How to write without fear

Whether it’s perfectionism, procrastination or self-doubt that hinders your productivity, follow this guidance to keep the flow going consistently.

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As every religious leader, politician and writer knows, fear is a powerful motivator.

However, if you want to live long and prosper—or at least dread work a bit less—it helps to light more edifying fires under your caboose. Fear as fuel will get you only so far.

Drew Magary, formerly of Deadspin, wrote an essay recently on “How to write 10,000 words a week.” In the piece he offers pointers on how to stop fearing the blank page, and how to win the ongoing battle with productivity and creativity that we scribblers know all too well.

It all starts with an attitude adjustment.

Forget the notion of mastery

As Magary puts it, “Too many writers have been taught to be afraid of writing and have had their voices suppressed as a result.” Does that sound familiar?

Every writer wrestles fear, stress and anxiety, often to the point of incapacitating insecurity. The good news is that none of us are “masters,” and no one has this writing thing “figured out.”

Magary cites George Saunders, who says, “Part of the job, then, is to be cool with that—with the notion that you are never going to master writing. The only mastery is getting increasingly comfortable with the idea that you are never going to be a master.”

That’s oddly comforting, isn’t it? There’s no need for perfectionism, because “perfect writing” doesn’t exist. There’s no “right” way to do it, and there’s not a specific formula to follow. Your job is to steadily spill words onto the page.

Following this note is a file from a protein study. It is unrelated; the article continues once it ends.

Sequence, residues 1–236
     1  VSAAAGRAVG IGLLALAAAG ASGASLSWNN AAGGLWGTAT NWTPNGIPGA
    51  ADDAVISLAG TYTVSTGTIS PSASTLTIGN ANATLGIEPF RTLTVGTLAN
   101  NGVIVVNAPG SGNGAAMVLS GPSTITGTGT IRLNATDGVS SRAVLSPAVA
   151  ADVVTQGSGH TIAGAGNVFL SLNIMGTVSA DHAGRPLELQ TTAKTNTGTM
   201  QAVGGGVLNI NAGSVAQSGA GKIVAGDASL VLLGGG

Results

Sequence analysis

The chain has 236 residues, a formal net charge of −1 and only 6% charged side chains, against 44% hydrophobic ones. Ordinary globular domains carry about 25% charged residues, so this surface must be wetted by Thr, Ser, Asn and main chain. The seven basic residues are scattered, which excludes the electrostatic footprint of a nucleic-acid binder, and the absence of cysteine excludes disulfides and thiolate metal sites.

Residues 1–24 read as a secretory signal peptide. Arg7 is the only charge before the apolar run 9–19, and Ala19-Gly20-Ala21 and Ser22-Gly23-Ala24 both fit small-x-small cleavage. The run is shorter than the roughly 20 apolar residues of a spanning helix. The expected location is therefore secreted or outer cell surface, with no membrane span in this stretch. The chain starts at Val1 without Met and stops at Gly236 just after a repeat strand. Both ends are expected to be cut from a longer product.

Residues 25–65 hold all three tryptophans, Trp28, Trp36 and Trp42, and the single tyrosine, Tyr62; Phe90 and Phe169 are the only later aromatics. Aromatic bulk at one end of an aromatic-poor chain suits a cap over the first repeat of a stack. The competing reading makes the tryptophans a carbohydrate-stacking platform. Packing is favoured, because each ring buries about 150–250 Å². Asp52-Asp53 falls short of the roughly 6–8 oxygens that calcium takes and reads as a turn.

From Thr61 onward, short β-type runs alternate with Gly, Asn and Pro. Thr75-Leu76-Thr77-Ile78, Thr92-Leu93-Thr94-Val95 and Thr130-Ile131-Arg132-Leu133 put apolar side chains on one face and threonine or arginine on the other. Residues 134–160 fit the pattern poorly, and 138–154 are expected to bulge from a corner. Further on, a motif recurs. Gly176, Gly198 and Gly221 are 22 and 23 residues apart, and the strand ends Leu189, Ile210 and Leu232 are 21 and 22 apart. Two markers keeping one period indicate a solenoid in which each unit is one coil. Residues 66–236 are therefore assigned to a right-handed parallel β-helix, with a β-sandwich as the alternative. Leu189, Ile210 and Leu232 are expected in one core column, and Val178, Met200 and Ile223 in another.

Magary extols the virtues of the “horrible first draft.” “Even in rough form, you’ve given yourself clay to mold into something interesting and beautiful. That’s writing,” he says.

The key is to be ready whenever lightning strikes. Whether you keep a notepad handy or just type ideas as they flash and flow, don’t let those creative sparks escape. Jot down headlines, teasers and ledes; assemble bullet points you can flesh out later. This method of jaunty jotting prevents procrastination and thwarts writer’s block. It’s “how a blank page stops being intimidating,” Magary writes.

Facing your own fears

So, what is it you’re afraid of, exactly? Is it failure? Perhaps it’s financial anxiety? Are you worried about how your words will be perceived, received or judged—or that you’ll be found a fraud or impostor? Does the editing process infuriate you or hurt your pride?

Magary offers a reminder that edits—“altering your sacred texts”—shouldn’t be feared or loathed. Edits act as a “vital sentry, interrogating your writing and divesting it of needless contraband.” It’s trueeditors are not your enemy.

Submitting yourself to strenuous edits can be painful, but it forces you to confront a hard truth about writing: It’s not about us. When we write, we should do so to edify, educate and empower our readers.

Aside from making our writing more useful and persuasive, adopting that subtle shift toward a more reader-centric mindset might be the most potent antidote for overcoming fear. As Magary advises: “Once you start writing with a reader’s mindset, a lot of the ego and insecurity disappears. That’s when writing becomes an act of giving.”

That’s how you start writing without fear.

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